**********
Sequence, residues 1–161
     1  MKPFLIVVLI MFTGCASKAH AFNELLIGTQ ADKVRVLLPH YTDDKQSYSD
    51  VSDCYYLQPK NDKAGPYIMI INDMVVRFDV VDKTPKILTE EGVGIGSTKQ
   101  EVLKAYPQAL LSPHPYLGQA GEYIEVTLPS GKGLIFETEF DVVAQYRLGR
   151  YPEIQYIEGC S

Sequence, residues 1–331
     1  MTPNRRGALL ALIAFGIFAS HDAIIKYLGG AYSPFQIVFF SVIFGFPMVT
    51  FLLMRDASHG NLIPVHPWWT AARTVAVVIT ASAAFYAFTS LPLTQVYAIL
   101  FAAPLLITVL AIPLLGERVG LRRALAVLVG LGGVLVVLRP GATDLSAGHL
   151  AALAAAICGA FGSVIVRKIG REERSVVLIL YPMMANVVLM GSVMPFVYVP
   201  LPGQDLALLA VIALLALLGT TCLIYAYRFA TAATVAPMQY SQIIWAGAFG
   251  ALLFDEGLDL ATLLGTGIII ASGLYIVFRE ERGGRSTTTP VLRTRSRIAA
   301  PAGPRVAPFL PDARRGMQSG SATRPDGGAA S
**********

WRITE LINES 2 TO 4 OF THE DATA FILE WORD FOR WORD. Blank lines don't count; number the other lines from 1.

     1  MKPFLIVVLI MFTGCASKAH AFNELLIGTQ ADKVRVLLPH YTDDKQSYSD
    51  VSDCYYLQPK NDKAGPYIMI INDMVVRFDV VDKTPKILTE EGVGIGSTKQ
   101  EVLKAYPQAL LSPHPYLGQA GEYIEVTLPS GKGLIFETEF DVVAQYRLGR